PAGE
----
STEREOTYPES AND MYTHS All Indian people hunted buffalo. Indian people dont have a religion and are pagans. Indian dancers wear Costumes. This is rude. Clowns and Halloween spooks wear costumes. Regalia, Indian dress, Dance outfits are acceptable terms. Number 1 untruth of all time… Indian people get everything FREE (health, education, etc) and do not pay taxes!
HOW AMERICAN INDIAN STUDENTS LEARN Most American Indian students are visual learners. They have learned by observing and imitating. They also learn best when instruction is active, uses a combination of the senses, and relevant to their experiences. Therefore, they are mostly kinesthetic learners. American Indian students work best in groups and learning from each other.
HOW AMERICAN INDIAN STUDENTS LEARN American Indian students are whole concept learners. They understand better when they start with the whole and then move to the details. Use storytelling in the classroom as a means of introducing reading, writing and teaching of proper behavior. Life was always explained through oral traditions. They learn best when art expression is adapted to their learning.
WHY IS THIS CULTURAL AWARENESS IMPORTANT? Teachers can no longer continue to use methodology that covers one size fits all. American Indian students educational needs are not being met. American Indian students have always been in classrooms and teachers have not realized that they have a completely different orientation in life. If American Indian students are not being taught in ways that adapt to their learning styles, then they are not being taught effectively and allowed to reach their full potential. The foundation for college readiness does not exist.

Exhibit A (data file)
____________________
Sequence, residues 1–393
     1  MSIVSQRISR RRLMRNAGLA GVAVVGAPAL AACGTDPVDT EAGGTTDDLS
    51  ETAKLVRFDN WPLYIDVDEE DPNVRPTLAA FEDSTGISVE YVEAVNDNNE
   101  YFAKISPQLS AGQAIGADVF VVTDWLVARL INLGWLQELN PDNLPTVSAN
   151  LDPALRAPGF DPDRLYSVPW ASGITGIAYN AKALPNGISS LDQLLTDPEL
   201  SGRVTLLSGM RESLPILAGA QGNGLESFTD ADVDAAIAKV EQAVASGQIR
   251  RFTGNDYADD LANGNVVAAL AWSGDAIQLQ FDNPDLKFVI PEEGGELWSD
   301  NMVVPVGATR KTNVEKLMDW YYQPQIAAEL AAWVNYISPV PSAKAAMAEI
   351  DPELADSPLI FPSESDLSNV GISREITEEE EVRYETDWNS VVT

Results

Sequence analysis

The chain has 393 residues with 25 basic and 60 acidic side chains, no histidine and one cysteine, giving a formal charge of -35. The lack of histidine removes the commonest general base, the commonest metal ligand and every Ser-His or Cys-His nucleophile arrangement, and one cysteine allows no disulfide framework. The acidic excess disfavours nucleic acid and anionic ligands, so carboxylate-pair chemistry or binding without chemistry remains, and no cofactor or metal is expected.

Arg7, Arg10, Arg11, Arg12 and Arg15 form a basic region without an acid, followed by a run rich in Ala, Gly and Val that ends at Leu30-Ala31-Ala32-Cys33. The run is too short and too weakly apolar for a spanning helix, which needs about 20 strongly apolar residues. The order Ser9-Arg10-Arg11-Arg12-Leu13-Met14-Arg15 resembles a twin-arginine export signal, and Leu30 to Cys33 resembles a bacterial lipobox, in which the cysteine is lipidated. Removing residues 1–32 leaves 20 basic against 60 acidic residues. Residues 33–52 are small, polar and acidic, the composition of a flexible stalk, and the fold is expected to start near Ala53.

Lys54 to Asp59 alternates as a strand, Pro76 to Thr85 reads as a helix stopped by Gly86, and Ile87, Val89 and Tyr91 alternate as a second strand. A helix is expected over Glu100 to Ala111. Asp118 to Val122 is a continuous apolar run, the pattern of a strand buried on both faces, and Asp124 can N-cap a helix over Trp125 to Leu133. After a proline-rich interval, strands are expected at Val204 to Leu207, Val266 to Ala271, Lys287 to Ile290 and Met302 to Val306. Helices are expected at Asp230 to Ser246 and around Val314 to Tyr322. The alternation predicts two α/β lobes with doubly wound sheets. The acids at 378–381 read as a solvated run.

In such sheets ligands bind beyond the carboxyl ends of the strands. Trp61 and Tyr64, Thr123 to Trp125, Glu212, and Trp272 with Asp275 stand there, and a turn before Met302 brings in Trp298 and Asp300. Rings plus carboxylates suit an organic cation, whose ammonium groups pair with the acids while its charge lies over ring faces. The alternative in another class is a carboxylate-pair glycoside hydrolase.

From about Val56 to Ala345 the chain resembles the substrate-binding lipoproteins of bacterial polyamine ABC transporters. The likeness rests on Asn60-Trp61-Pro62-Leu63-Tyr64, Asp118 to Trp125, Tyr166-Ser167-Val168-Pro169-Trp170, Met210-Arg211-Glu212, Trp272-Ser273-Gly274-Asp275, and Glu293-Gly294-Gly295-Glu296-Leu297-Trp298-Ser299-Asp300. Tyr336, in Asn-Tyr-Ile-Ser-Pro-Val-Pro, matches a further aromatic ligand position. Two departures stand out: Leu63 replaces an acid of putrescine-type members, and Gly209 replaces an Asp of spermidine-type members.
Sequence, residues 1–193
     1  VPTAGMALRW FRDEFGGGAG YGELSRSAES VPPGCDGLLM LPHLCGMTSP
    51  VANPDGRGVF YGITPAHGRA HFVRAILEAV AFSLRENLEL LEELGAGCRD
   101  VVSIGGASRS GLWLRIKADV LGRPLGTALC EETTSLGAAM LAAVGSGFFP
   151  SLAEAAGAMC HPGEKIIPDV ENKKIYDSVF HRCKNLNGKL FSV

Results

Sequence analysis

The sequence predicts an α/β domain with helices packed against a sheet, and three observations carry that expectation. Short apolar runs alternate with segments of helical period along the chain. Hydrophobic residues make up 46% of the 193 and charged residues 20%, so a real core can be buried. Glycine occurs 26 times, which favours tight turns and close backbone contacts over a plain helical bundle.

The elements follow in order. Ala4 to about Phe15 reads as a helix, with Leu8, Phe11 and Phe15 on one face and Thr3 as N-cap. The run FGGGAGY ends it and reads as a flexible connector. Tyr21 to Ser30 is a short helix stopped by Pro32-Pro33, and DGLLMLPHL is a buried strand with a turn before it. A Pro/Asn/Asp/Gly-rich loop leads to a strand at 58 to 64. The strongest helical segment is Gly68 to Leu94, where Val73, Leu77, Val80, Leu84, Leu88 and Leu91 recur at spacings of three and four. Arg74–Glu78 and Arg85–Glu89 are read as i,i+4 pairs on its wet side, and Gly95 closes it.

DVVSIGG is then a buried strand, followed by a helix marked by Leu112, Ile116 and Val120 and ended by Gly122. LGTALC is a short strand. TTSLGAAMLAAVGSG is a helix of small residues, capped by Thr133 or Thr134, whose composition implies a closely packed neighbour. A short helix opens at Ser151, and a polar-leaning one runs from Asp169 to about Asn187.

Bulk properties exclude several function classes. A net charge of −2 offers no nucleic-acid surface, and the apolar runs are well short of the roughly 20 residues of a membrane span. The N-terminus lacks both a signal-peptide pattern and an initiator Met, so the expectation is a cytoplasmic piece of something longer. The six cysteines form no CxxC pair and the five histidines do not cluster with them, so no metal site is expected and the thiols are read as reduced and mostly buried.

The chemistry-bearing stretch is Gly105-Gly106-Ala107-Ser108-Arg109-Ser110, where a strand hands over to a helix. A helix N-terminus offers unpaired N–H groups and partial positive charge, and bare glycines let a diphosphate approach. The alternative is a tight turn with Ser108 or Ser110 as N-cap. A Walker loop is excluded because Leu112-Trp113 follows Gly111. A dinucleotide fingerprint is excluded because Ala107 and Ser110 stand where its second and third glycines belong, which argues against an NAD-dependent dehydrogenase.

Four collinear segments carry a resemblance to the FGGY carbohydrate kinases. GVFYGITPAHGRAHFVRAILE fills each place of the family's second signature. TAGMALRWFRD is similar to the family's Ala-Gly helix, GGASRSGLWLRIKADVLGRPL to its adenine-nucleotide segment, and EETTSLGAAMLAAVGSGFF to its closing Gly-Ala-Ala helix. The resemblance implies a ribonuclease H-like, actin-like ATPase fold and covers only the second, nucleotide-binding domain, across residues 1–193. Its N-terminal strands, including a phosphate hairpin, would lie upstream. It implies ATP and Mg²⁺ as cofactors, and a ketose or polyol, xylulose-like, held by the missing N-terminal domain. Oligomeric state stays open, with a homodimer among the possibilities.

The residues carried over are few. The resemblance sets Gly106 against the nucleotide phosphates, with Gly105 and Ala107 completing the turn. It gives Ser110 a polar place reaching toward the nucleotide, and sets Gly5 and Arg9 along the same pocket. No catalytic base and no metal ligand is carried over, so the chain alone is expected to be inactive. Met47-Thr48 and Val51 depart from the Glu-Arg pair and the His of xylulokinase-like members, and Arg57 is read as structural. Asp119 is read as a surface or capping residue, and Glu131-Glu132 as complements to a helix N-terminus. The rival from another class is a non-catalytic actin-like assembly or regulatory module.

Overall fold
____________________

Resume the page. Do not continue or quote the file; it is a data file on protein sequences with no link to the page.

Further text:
WHY IS THIS CULTURAL AWARENESS IMPORTANT? Using relevant cultural resources and materials within the curriculum will help to develop the strengths of American Indian students…one of them being self esteem. American Indian students will achieve if they like who they are and are proud of their heritage and identity. Academic achievement is directly related to a good self-concept.
BARRIERS THAT EXIST Coupled with the lack of appropriate teaching strategies, these barriers can prevent the American Indian student from proper preparation for any postsecondary institution. Most American Indian students qualify for the Free & Reduced lunch program. They live in an environment surrounded by negative factors ( drug abuse, violence, etc). Many have low expectations and do not achieve academically, though they are capable. They may attend low-performing schools that lack resources and counselors.
BARRIERS THAT EXIST Teachers and counselors may not encourage efforts to pursue postsecondary education. American Indian students may not be encouraged to take rigorous courses or AP exams. They may not be provided information on college access & financial aid resources. They may be lacking in appropriate preparation for math, reading and English. They may not have adequate test-taking skills.
WHAT DO AMERICAN INDIAN STUDENTS NEED? Appropriate use of cultural/language resources and materials in the curriculum Teachers who are aware of cultural needs, learning styles and provide appropriate teaching strategies Avenues to develop pride, honor, respect, responsibility, leadership, goal-setting skills Awareness of tribal government and history and other issues
WHAT DO AMERICAN INDIAN STUDENTS NEED? Identification with other American Indian role models that are positive, cultural, and successful in the dominant society. School counselors who will encourage students to take AP courses and exams. School counselors who will guide the preparation for college, financial aid, testing and other pertinent process steps.
CONTACT INFORMATION Valeria Littlecreek Director of Tribal Affairs Indian Education Section, Suite 429 Oklahoma State Department of Education 2500 North Lincoln Boulevard Oklahoma City, Oklahoma 73105-4599 Phone: (405) 522-1591 Fax: (405) 522-1519 Email: Valeria_Littlecreek@sde.state.ok.us